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HP launches key-management appliance

Company releases a key-management product aimed at helping companies manage encrypted systems more efficiently.

The management of encryption keys has become one of the most important issues in security, according to Hewlett-Packard, which has launched an appliance to help companies better manage their deployments of the technology.

Announced at Storage Networking World Europe 2007 in Frankfurt, Germany, on Monday, the StorageWorks Secure Key Manager consolidates key management for encryption devices in enterprises and medium-size businesses, HP said.

More and more companies are adopting key encryption, where data is encrypted so that anyone attempting to gain unauthorized access to a system will be unable to access it without the key, according to HP.

To keep documents secure, every time a user accesses a document a new key will be issued, resulting in organizations having thousands, or even millions, of keys, which have to be carefully managed if the system is to keep track of them.

Each key is unique and cannot be replaced, which can have potentially disastrous results if the key to a crucial document is lost, said Bob Wilson, vice president for HP's Nearline Storage organization.

"Key management is the key security issue, and no pun intended," said Wilson. "Now we have the ability (with the key-management appliance) to take key management and run it across the entire company."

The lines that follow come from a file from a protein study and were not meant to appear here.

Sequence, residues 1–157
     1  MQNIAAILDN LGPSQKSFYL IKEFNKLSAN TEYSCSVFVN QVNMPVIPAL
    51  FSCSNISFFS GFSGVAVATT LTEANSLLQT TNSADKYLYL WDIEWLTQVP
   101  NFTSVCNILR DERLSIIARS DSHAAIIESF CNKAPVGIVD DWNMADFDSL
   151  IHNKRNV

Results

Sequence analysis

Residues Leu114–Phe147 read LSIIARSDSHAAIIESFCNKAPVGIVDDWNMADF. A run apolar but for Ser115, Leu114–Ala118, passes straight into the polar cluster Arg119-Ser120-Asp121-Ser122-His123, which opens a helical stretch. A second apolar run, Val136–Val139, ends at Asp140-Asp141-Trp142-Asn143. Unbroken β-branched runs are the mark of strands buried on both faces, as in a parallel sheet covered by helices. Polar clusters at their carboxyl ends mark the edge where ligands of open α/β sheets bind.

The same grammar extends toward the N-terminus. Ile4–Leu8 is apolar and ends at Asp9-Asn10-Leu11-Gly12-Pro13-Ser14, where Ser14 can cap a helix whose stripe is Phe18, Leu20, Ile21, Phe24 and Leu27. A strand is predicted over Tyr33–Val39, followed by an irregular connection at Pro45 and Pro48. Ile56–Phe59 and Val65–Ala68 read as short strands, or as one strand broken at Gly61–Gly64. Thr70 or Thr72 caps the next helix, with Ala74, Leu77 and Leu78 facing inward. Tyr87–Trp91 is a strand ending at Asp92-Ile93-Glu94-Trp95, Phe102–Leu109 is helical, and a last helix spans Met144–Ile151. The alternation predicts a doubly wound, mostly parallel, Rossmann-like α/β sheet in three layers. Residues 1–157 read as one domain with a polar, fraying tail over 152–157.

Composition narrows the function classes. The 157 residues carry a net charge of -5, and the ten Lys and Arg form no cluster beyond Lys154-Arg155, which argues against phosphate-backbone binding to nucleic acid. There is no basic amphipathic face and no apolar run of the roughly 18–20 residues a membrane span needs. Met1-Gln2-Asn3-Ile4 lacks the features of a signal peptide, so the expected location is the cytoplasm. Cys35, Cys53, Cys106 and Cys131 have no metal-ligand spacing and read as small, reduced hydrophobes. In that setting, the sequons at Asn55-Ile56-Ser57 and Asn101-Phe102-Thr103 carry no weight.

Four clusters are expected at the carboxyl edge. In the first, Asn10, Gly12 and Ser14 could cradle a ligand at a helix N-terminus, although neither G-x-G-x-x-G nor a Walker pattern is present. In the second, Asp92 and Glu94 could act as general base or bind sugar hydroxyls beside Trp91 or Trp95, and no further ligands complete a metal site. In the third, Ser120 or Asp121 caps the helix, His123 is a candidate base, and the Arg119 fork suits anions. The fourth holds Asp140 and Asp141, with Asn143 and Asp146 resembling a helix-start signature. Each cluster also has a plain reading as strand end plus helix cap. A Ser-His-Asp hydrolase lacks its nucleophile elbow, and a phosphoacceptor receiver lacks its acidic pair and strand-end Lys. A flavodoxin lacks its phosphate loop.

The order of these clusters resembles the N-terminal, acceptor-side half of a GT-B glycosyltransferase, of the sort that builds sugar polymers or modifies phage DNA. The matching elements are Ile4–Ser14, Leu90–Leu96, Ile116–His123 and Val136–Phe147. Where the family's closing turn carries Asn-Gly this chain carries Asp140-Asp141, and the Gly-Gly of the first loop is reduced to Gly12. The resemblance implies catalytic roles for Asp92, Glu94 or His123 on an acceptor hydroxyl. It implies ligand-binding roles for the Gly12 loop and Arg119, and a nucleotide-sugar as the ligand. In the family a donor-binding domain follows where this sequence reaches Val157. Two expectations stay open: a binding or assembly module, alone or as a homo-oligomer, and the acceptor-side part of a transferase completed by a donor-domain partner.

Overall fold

HP StorageWorks Secure Key Manager will initially support HP hardware such as the LTO-4 tape library, and the company hopes to get support for it from other suppliers. An entry-level system costs $59,900 for the two appliances necessary to send and receive encrypted data. Extra appliances are $32,900.

Along with the HP StorageWorks Secure Key System, the company launched the StorageWorks 9000 Virtual Library System--a two-stage backup system, with initial backups to disk, followed by data encryption and migration to tape. No details on price were released.

According to HP and other companies, such as IBM, tape is enjoying a resurgence in popularity, as it is the cheapest way of storing data and companies are finding themselves having to keep more and more data.

Colin Barker of ZDNet UK reported from London.